Honda’s Walton says people are reassured when they see a recognizable name on an outboard cowling.
“People are familiar with certain brands, so they know exactly what’s driving their boat,” he says. “The brand equity is there.”
Proponents of outboards have long sung the motors’ praises when it comes to winterization. Because the outboards drain when not in use, no water is trapped in the motor, so it can’t freeze and crack the block.
Evinrude has a clever function that basically winterizes the motor with the push of a button. If you’ve winterized your motors and a warm stretch during the off-season beckons you back to the water, just go boating, then rewinterize the motor when you get the boat back on its trailer.
Last, because they are designed for marine use, outboards have an advantage when it comes to emissions. The time GM spent developing LS7, Seven Marine’s Davis says, means “there’s more R&D spent on the powerhead we’re using than on all other outboards combined.”
He also says the 627 and 557 have been three-star CARB- and CE-compliant from the start. The same goes for Honda and its V-6 powerheads that are based on automotive products.
Evinrude has the lone 2-stroke outboard on the market, and Tracy Crocker, senior vice president and general manager at Evinrude/BRP, says the company has made a “significant investment in fuel-emissions research.” The E-TEC G2 series also has a three-star CARB rating. “Our intention is to continue to push our clean-engine innovation into more products in our line,” Crocker says.
When it comes to 4-strokes, Speciale says, “There are still millions of older engines in use in the market. The life cycle of use is very long. We need to focus on replacing older, dirty engines rather than trying to fine-tune minor improvements at a very high cost.”
With the marine industry focused on improving the operator’s experience, high-output outboards needed to become user-friendly. All of the major brands have digital shifting, which makes taking the motor in and out of gear effortless and places less stress on the equipment.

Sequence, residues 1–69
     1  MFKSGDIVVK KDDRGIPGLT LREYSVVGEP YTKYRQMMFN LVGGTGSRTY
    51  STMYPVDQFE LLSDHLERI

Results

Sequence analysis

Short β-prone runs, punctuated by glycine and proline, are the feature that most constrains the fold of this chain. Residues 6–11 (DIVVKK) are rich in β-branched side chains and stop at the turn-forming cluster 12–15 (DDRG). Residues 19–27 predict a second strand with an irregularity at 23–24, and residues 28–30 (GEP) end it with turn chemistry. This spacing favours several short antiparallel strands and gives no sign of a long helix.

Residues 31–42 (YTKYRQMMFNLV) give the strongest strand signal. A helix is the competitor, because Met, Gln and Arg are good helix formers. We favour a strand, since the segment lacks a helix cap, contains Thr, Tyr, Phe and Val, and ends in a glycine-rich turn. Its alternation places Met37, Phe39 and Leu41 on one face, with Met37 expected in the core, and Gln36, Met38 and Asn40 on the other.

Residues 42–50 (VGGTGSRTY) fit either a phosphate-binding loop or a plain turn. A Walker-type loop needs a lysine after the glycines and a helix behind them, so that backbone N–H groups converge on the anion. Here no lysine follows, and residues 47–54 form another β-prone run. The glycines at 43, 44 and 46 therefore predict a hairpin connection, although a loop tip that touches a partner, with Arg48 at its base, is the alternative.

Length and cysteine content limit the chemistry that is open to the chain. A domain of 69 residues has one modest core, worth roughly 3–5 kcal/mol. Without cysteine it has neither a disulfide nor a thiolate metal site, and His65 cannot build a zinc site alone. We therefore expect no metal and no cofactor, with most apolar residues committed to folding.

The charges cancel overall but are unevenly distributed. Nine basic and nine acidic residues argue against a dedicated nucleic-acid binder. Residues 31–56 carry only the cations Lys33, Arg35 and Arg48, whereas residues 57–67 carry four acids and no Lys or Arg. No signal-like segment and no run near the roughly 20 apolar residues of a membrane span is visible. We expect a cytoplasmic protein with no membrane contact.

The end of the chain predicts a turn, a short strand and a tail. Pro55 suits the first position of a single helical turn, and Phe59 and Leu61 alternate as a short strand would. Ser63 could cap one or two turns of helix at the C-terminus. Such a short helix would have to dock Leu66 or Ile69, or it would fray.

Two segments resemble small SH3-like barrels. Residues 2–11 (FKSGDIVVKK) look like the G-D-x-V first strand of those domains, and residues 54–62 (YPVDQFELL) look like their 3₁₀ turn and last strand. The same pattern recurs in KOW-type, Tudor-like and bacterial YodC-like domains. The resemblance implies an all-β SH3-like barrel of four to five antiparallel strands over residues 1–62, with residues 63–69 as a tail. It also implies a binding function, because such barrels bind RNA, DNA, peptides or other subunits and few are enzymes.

Additionally, all have controls that permit the operation of as many as four motors with single or twin levers, plus an advanced steering system. The Verado 400R has electro-hydraulic power steering; Seven Marine has an integrated system. The Evinrude E-TEC G2 series has the hydraulic steering unit in the midsection, which cleans up rigging.
“Technology is touching everything and everyone on the boat, and this will only increase, from engine programming to navigation technology to consumer integration,” Crocker says. “Our focus for all of our customers — boaters, dealers and boatbuilders — is ease of use. It is important to make it easy for boaters to get the most out of their time on the water.”
Most modern outboards are also fuel-injected, which makes them more efficient. And outboards have a power-to-weight advantage, and can be trimmed out of salt water when not in use.
One of the most popular controls on any outboard motor is a joystick. Mercury, Yamaha, Evinrude and Suzuki have them to take the intimidation out of docking, even aboard a large, multiengine boat. Seven Marine uses ZF electronic controls and the company’s joystick. Virtually all of today’s big outboards are also available with station-keeping capabilities.
Suzuki’s AP series has selective rotation instead of counter rotation. The design is basically an electrical circuit. In standard rotation the circuit is left open, and for reverse rotation the circuit is shorted out.
After its DF350A was introduced with contra-rotating propellers, Suzuki did get pushback from people who wanted to know why the motor wasn’t available with a single prop. Blakely says, however, “Now we’ve had people ask for more contra-rotating propellers in smaller motors.”
Whether an operator is a seasoned veteran who doesn’t want to mess around with adjusting the boat’s trim or he’s a newbie who hasn’t fully grasped the concept, Mercury’s ActiveTrim, Yamaha’s Trim Assist and Evinrude’s iTrim take care of the task.